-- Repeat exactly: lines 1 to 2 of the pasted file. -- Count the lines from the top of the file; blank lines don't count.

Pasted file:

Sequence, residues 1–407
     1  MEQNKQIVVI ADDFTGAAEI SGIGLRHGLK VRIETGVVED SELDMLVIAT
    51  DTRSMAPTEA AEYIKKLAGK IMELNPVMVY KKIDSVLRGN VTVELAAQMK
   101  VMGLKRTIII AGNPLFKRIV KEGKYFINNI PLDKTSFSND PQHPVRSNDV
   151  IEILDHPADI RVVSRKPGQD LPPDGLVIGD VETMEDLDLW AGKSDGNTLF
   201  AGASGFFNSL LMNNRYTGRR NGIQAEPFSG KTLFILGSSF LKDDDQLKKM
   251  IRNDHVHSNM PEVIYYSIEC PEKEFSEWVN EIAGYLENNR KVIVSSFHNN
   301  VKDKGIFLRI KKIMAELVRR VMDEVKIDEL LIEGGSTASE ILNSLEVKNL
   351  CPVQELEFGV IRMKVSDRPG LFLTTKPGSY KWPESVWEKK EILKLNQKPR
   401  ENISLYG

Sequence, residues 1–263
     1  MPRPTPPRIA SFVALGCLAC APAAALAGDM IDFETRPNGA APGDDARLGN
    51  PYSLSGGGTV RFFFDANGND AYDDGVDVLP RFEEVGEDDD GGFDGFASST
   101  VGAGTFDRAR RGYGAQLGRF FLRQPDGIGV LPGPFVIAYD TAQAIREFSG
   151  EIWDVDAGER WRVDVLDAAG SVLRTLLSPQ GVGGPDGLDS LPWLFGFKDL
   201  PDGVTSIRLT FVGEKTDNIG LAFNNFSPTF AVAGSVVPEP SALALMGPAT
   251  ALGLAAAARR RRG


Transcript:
Sequence, residues 1–407
     1  MEQNKQIVVI ADDFTGAAEI SGIGLRHGLK VRIETGVVED SELDMLVIAT